In a survey conducted by Dr. Judy Blando of the University of Phoenix, nearly 75% of respondents said they had been affected by workplace bullying, either as a target or a witness. That’s shocking. What’s even more shocking is that so often bullying goes unreported, and when it is reported the targets are often the ones that bear the consequences. According to a recent article in business.com, targets lose their jobs at a significantly higher rate than perpetrators (82% vs. 18 %).
This is short-sighted on the part of employers, because bullying impacts not only the targets, but other employees who witness it, as well as customers. Chances are if someone is a bully to those inside your organization, they will be a bully to those outside the organization.
I’ve seen this first-hand. A company I was working with hired a new sales manager. Over time, the sales manager’s team began to complain about a number of things. He wasn’t cooperating with the rest of the team. He would get in people’s faces. He took credit for other people’s work. He would over promise to customers, and when he couldn’t deliver, he would blame others for it. All of these are signs of a bully. The company owner was reluctant to take action. It was hard for him to admit he’d made a bad hire. This is pretty typical. In fact, according to the Workplace Bullying Institute, 72% of employers deny, discount, encourage, rationalize or defend bullying.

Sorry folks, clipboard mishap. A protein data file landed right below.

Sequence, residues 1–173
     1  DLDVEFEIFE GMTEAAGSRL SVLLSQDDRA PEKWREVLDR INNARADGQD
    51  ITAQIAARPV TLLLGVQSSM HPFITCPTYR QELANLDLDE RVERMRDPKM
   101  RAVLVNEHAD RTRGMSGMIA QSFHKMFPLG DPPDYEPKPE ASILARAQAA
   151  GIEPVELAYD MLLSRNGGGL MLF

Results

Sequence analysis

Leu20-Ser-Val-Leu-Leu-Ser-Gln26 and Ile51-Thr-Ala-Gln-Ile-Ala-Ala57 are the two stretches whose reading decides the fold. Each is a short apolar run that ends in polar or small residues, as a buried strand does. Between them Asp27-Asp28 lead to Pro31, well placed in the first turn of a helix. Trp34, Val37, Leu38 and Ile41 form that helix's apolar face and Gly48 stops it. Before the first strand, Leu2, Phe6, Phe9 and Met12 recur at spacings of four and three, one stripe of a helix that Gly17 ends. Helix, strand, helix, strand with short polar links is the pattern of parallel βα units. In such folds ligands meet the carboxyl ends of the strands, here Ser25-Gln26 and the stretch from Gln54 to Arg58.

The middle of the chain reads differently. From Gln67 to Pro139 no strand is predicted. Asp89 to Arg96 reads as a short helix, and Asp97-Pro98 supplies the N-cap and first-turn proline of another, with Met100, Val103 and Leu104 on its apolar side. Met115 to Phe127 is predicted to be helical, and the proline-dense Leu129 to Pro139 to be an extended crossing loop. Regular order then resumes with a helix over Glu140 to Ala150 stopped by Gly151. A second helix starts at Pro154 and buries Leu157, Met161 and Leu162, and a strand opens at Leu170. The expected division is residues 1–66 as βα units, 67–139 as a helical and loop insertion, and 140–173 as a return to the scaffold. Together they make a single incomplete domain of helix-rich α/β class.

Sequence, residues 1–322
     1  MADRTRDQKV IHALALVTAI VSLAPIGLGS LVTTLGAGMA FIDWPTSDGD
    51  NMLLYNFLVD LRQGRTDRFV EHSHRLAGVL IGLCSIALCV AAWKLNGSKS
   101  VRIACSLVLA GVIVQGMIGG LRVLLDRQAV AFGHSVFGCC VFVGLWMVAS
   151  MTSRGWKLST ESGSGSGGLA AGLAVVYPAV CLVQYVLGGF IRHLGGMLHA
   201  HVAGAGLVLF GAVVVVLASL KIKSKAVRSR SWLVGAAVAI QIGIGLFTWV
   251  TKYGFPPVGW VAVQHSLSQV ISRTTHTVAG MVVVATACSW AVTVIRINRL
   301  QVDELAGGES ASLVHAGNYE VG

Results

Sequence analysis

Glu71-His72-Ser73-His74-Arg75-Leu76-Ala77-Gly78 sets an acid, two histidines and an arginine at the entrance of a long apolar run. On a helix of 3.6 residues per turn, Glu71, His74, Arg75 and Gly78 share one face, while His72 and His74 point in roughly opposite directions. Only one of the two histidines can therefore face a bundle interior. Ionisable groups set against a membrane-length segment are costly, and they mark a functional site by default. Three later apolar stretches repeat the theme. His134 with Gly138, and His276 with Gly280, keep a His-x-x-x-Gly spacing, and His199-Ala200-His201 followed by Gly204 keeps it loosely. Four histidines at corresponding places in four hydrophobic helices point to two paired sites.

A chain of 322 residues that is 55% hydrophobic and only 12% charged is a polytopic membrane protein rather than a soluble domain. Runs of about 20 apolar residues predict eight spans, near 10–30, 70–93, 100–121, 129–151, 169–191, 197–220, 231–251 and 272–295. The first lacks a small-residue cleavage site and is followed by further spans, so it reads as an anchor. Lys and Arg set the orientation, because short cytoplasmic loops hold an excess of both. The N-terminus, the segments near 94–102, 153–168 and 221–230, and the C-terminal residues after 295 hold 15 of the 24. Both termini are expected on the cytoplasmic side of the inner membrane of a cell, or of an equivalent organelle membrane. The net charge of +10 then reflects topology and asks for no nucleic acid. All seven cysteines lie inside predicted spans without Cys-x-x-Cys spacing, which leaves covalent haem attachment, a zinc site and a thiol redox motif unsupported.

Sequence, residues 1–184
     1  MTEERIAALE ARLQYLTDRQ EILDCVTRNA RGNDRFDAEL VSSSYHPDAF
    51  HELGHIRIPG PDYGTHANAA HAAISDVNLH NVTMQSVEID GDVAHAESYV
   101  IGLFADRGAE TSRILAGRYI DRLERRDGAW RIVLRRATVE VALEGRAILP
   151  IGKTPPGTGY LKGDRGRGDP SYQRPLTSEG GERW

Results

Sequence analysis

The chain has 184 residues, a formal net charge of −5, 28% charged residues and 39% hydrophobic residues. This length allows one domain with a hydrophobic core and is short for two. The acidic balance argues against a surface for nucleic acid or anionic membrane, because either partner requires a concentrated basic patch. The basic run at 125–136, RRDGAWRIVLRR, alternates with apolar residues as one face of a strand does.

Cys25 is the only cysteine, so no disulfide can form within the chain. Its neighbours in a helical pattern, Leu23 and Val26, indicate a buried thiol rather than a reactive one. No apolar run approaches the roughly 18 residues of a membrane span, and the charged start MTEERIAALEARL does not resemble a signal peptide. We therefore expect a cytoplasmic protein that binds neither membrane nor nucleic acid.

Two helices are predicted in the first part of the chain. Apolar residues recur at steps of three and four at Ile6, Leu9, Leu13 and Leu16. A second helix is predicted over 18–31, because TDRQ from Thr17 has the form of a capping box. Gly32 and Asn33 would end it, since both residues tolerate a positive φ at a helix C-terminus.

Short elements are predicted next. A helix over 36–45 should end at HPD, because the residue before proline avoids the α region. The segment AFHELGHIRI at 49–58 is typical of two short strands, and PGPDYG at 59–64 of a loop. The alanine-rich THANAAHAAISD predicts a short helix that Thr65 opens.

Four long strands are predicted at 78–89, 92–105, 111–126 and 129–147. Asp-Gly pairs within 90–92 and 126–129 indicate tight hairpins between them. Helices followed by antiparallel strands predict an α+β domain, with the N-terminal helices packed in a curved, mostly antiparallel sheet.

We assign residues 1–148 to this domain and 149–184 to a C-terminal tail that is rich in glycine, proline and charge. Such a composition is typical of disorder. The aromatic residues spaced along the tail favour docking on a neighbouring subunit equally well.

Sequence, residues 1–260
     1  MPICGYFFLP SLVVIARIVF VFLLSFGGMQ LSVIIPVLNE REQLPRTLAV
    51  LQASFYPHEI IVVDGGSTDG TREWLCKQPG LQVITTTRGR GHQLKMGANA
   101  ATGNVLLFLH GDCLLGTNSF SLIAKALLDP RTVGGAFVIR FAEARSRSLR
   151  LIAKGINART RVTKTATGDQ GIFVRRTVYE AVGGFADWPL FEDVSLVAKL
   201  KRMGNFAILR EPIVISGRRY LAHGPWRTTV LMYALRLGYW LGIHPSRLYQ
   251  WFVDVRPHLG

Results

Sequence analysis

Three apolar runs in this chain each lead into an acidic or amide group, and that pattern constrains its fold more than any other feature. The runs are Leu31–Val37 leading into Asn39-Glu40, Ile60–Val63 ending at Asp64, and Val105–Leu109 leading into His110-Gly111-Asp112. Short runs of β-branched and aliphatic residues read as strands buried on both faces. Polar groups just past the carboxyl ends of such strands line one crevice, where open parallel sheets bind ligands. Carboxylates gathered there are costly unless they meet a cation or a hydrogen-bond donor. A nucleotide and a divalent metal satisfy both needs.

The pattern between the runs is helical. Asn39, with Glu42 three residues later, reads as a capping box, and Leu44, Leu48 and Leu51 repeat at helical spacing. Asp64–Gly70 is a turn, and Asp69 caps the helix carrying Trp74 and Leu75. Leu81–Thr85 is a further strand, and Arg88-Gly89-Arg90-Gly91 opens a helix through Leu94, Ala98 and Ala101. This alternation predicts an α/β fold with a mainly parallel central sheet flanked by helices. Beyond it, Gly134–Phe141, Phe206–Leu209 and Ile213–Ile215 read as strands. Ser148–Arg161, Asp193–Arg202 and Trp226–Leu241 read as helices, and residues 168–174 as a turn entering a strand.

I encouraged the owner to explore what was happening internally, and to consider that it might be impacting the company’s image externally. Following an investigation, the sales manager was fired. Not long after that, two customers called the owner to say that they had been on the verge of moving their business because of the way this individual had treated them. Bad behavior is bad for business!
Often bullying can be subtle. And often bullies pick on targets whom others describe as amiable, easy-going, kind. Bullying is abuse, plain and simple. Here are some things to watch for. A bully may:
- Consistently ignore the target, or exclude them from team meetings, conversations, or outings
- Be overly critical of the target’s work, with the goal of making them feel inadequate or unworthy
- Create a hostile work environment by igniting conflict or competition among team members
- Yell or use abusive language to others
- Physically block the target from entering or exiting, or invade the target’s personal space
- Take credit for work that is not their own
- Blame others for their mistakes
- Give false information or withhold information to discredit the target
- Purposely prevent the target’s progress on a work project
Preventing bullying in the workplace starts by making good hires. Craft your behavioral interview questions to draw out any red flags from the candidate’s previous experience. Communicate to employees that abusive behavior/bullying will not be tolerated. Create an environment where all employees feel comfortable sharing concerns with their leader or HR. Be observant. Notice and take action when you see bad behavior. Develop and communicate a process for reporting and response. Keep accurate records.
If you have concerns about bullying in your organization, please feel free to contact me.